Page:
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Australians support for policy initiatives addressing unhealthy diet: a population-based study
journal contributionposted on 2023-06-09, 04:34 authored by Adyya GuptaAdyya Gupta, Kim D Raine, Paula Moynihan, Marco A Peres
Summary To inform public health policy implementation in Australia, our study investigated the level of public support for six policy initiatives addressing unhealthy diet. The policy initiatives included taxing soft drinks and energy drinks, taxing less healthy food and beverage purchases, zoning to restrict the supply of junk foods near schools, prohibiting advertising and promotion of less healthy food and beverages to children under the age of 16 and restricting sugar-sweetened beverages from vending machines in schools, and public places. Data from a cross-sectional population-based study for 4040 Australians aged 15+ years, were analysed. A high overall support across all policy initiatives was observed. Nearly three-quarter of public support was observed for policy initiatives targeting children (zoning to restrict the supply of junk food near schools, prohibiting advertising and promotion of less healthy food and beverages to children under the age of 16 and restricting sugars-sweetened beverages from vending machines in schools), and half of Australians supported policy initiatives of taxing soft drinks and energy drinks and taxing less healthy food and beverage purchases. Australian women and those with tertiary level of education were more likely to support public health initiatives targeting children and all policy initiatives respectively. Interestingly, young adults expressed low level of support for all policy initiatives. The study demonstrated considerable public support for policy initiatives focussed on protecting children from unhealthy diet in Australia. Framing, designing and implementing policies targeting children is potentially a good starting point for policymakers to create a health promoting food environment.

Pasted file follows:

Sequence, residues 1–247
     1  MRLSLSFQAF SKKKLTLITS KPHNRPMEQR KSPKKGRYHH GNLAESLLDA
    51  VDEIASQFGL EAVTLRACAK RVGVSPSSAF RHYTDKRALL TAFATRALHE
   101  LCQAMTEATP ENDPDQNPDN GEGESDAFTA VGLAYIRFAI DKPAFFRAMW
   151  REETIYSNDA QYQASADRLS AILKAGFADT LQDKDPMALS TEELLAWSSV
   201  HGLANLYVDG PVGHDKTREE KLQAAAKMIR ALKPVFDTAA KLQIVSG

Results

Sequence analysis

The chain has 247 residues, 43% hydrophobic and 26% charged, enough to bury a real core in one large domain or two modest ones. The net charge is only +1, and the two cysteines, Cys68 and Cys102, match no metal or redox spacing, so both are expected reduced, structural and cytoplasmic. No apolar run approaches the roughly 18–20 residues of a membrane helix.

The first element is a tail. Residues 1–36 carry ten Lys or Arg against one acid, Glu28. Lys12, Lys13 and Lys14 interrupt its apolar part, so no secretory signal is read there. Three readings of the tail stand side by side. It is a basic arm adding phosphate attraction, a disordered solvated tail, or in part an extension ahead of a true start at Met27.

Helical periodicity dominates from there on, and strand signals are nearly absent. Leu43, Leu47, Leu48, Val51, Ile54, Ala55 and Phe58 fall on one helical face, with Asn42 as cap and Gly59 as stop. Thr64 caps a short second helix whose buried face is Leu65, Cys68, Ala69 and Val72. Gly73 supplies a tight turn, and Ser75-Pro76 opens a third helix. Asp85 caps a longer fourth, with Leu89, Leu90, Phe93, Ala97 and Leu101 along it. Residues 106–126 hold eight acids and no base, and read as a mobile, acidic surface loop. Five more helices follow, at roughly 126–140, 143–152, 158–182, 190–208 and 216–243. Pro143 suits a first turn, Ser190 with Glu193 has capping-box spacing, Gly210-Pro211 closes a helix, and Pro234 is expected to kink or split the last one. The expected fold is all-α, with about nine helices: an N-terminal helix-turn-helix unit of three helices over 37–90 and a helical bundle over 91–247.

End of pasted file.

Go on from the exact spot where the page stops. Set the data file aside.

JournalHealth Promotion International
Publication classificationC1 Refereed article in a scholarly journal
PublisherOxford University Press
dietGENDER-DIFFERENCESHealth Care Sciences & Serviceshealth policyHealth Policy & ServicesKNOWLEDGELife Sciences & Biomedicinepublic healthpublic opinionPUBLIC SUPPORTPublic, Environmental & Occupational HealthScience & Technologysugar taxSUGAR-SWEETENED BEVERAGESTAX4206 Public health4407 Policy and administrationPublic Health and Health Services not elsewhere classifiedCurriculum and Pedagogy not elsewhere classified